Eventually my worrying turned a little broader and darker as I thought about what the coming New Year would bring -- global conflict, another recession, civil unrest, maybe a zombie apocalypse and God knows what else. I worried about my wife marching in the local Women's March on Washington next month. All of us are marching in it actually, and so I worried about all of our safety, even in this still peaceful bastion of progressiveness called Santa Cruz. The march mission across the country is to stand together in solidarity with our partners and children for the protection of our rights, our safety, our health, and our families.

But what about the homeless woman's safety and health? Why did her family and community fail her? If this was a test from God, then I failed miserably. I didn't even feel committed to Kidpower's commitment to integrity and safety for everyone. Not my problem. Somebody else's. I have my own first world kind to deal with here in New Pottersville. That much I thought about while we waited in line for the Storybook Land ride.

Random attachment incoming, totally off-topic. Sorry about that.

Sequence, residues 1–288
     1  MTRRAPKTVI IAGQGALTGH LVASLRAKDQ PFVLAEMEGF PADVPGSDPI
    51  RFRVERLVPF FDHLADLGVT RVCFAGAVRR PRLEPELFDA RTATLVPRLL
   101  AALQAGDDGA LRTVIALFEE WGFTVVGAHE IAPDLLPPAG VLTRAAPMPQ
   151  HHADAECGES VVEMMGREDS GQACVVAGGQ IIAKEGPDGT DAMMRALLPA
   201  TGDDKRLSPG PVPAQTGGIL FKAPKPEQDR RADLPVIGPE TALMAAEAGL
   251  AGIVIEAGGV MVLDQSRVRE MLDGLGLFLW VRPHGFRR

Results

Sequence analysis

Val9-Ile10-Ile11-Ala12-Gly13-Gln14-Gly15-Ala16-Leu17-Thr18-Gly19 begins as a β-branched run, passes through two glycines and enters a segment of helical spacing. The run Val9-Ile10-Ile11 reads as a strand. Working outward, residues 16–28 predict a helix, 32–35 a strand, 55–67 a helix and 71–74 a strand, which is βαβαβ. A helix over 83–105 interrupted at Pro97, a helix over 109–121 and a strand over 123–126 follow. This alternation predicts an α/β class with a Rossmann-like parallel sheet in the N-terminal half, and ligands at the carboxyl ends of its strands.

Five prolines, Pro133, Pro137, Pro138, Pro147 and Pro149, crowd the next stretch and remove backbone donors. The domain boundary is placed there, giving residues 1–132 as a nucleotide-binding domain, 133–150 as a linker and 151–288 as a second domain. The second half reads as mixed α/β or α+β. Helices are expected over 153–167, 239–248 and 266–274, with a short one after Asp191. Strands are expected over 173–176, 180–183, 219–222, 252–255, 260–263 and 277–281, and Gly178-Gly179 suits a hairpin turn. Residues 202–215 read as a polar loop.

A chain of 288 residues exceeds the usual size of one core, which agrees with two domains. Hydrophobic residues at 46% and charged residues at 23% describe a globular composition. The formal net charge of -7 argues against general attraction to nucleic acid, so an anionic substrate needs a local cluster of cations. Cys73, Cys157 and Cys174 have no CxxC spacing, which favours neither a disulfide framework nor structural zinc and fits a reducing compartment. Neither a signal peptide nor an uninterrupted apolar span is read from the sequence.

That, and the fact that on the night before we left for our Disneyland trip, Christmas Day, a young white guy with a scraggly beard wearing a hoodie sweatshirt rang our doorbell. I answered the door and although he looked to be well-dressed with a new knapsack, and not homeless, he proceeded to tell me he was trying to make his way up north to somewhere undecipherable and wanted to know if we had any fresh "tasties" we could give to him -- food that is -- and he kept asking me for different kinds of food, although I kept saying no.

After less than a minute, I shut the door on him. Maybe he was legit, maybe he wasn't, maybe it was another test from God. I'll never know. I did tell our neighbors to keep an eye out just in case. I should've never answered the door anyway. It wasn't that late, but unless we know who it is, we don't answer the door after 7:00, and we've lived in a relatively safe neighborhood for over 10 years now. And who the hell knocks on your door at 7:30 at night on Christmas Day anyway?